Last month, the 1st Circuit Court of Appeals reversed the 2016 Sun Capital decision, in which a Massachusetts federal court imposed joint & several liability on 2 PE fund investors with a common sponsor for their portfolio company’s pension plan withdrawal liability. Here’s the intro to this Cleary Gottlieb memo on the case:
On November 22, 2019, the First Circuit Court of Appeals held in Sun Capital Partners III, LP, et al. v. New England Teamsters & Trucking Industry Pension Fund, that two private equity funds, Sun Capital Partners III, LP (“Fund III”) and Sun Capital Partners IV, LP (“Fund IV”, and together with Fund III, the “Funds”) were not liable for approximately $4.5 million in multiemployer pension plan withdrawal liability of their bankrupt portfolio company. The First Circuit reversed a 2016 District Court decision finding that the Funds had created an implied partnership-in-fact.
Although the First Circuit found in favor of the Funds, its opinion suggests that courts might imply a partnership-in-fact, and private equity funds could be found liable for the pension obligations of their portfolio companies, depending on the relevant facts and circumstances. While the decision relates to a private equity fund, and thus has several important implications for private equity firms as discussed in more detail below, the issues at play could also have implications for other alternative investment managers, including venture capital funds, family offices and sovereign wealth funds.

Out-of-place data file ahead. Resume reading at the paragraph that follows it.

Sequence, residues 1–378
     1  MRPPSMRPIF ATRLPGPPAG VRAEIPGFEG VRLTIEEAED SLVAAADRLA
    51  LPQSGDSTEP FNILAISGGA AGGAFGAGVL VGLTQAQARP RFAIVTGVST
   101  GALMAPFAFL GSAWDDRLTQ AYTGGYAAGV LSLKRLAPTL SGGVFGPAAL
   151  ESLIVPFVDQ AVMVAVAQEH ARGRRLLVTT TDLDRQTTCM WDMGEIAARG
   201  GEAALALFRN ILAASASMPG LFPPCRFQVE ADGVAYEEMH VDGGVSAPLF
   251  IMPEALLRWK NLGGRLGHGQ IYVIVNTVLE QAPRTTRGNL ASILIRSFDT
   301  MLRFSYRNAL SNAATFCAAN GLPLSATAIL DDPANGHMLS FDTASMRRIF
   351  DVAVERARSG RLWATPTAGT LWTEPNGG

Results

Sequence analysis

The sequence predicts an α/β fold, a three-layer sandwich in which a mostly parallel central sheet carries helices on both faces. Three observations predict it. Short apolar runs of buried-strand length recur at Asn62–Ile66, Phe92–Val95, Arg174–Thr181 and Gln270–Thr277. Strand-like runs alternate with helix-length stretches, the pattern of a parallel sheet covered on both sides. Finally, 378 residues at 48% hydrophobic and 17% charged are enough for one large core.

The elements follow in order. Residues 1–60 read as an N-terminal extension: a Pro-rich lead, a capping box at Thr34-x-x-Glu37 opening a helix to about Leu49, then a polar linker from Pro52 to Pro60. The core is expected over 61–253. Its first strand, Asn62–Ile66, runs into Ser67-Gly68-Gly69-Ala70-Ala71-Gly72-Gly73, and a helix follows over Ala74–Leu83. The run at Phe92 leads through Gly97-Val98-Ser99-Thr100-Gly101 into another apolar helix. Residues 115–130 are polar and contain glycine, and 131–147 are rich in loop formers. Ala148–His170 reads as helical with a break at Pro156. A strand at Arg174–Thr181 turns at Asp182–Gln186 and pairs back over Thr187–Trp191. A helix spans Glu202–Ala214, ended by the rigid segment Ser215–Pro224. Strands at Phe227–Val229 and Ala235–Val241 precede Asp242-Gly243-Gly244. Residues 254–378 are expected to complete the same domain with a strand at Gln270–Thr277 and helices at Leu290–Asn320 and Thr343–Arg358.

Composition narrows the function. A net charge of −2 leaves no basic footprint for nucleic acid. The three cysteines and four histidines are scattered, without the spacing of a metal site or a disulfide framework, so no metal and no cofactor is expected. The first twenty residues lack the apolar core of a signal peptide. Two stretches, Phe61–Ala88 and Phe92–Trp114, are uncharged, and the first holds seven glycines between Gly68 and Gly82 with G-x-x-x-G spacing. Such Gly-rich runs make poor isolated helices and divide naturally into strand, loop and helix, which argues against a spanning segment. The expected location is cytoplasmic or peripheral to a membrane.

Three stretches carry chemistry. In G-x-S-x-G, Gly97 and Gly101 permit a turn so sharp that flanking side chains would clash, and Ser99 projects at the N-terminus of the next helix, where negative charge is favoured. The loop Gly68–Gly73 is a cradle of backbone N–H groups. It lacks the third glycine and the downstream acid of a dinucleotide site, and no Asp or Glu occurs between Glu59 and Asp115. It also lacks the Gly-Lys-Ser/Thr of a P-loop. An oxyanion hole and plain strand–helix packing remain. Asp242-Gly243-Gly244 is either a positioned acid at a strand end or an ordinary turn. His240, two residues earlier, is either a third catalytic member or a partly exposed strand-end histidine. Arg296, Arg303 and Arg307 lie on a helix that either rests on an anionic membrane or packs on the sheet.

The memo reviews the background of the case and analyzes the 1st Circuit’s decision. It also points out that while the court ruled in the funds’ favor, the opinion suggests that a partnership-in-fact may be implied depending on the relevant facts and circumstances, and offers suggestions for actions that fund sponsors can take to mitigate the risk of such a result. We’re posting memos in our “Private Equity” Practice Area.